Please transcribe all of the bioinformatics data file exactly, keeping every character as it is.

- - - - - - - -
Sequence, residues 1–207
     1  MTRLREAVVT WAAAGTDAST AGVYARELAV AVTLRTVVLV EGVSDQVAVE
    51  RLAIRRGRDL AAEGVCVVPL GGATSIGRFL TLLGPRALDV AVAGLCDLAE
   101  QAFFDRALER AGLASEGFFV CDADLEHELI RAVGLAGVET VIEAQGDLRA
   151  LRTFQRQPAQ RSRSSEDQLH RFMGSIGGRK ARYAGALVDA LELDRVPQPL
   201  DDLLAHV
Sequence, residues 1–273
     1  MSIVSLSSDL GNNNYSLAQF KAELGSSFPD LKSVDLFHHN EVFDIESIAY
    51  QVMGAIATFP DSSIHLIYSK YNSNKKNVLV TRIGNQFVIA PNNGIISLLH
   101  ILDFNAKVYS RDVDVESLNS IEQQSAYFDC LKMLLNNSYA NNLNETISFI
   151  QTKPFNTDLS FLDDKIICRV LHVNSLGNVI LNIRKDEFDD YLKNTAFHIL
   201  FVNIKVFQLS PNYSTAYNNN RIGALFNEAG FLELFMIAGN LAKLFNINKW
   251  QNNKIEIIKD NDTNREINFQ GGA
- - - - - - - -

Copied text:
Sequence, residues 1–207
     1  MTRLREAVVT WAAAGTDAST AGVYARELAV AVTLRTVVLV EGVSDQVAVE
    51  RLAIRRGRDL AAEGVCVVPL GGATSIGRFL TLLGPRALDV AVAGLCDLAE
   101  QAFFDRALER AGLASEGFFV CDADLEHELI RAVGLAGVET VIEAQGDLRA
   151  LRTFQRQPAQ RSRSSEDQLH RFMGSIGGRK ARYAGALVDA LELDRVPQPL
   201  DDLLAHV
Sequence, residues 1–273
     1  MSIVSLSSDL GNNNYSLAQF KAELGSSFPD LKSVDLFHHN EVFDIESIAY
    51  QVMGAIATFP DSSIHLIYSK YNSNKKNVLV TRIGNQFVIA PNNGIISLLH
   101  ILDFNAKVYS RDVDVESLNS IEQQSAYFDC LKMLLNNSYA NNLNETISFI
   151  QTKPFNTDLS FLDDKIICRV LHVNSLGNVI LNIRKDEFDD YLKNTAFHIL
   201  FVNIKVFQLS PNYSTAYNNN RIGALFNEAG FLELFMIAGN LAKLFNINKW
   251  QNNKIEIIKD NDTNREINFQ GGA